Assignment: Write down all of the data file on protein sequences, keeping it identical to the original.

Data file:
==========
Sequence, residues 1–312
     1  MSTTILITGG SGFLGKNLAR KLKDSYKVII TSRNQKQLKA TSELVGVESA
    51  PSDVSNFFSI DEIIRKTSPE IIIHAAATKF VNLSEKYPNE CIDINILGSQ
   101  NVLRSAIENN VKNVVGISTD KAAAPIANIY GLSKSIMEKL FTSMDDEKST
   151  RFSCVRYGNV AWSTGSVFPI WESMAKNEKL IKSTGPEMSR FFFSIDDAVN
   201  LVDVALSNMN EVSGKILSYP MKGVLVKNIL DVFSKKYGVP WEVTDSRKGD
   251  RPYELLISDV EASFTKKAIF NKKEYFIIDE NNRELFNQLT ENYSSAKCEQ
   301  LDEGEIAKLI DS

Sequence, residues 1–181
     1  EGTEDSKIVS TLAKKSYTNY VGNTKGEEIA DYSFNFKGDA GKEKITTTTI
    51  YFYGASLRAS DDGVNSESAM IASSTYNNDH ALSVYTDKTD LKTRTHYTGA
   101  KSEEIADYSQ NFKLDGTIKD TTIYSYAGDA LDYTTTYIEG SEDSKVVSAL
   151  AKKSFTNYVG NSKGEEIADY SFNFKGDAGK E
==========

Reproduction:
Sequence, residues 1–312
     1  MSTTILITGG SGFLGKNLAR KLKDSYKVII TSRNQKQLKA TSELVGVESA
    51  PSDVSNFFSI DEIIRKTSPE IIIHAAATKF VNLSEKYPNE CIDINILGSQ
   101  NVLRSAIENN VKNVVGISTD KAAAPIANIY GLSKSIMEKL FTSMDDEKST
   151  RFSCVRYGNV AWSTGSVFPI WESMAKNEKL IKSTGPEMSR FFFSIDDAVN
   201  LVDVALSNMN EVSGKILSYP MKGVLVKNIL DVFSKKYGVP WEVTDSRKGD
   251  RPYELLISDV EASFTKKAIF NKKEYFIIDE NNRELFNQLT ENYSSAKCEQ
   301  LDEGEIAKLI DS

Sequence, residues 1–181
     1  EGTEDSKIVS TLAKKSYTNY VGNTKGEEIA DYSFNFKGDA GKEKITTTTI
    51  YFYGASLRAS DDGVNSESAM IASSTYNNDH ALSVYTDKTD LKTRTHYTGA
   101  KSEEIADYSQ NFKLDGTIKD TTIYSYAGDA LDYTTTYIEG SEDSKVVSAL
   151  AKKSFTNYVG NSKGEEIADY SFNFKGDAGK E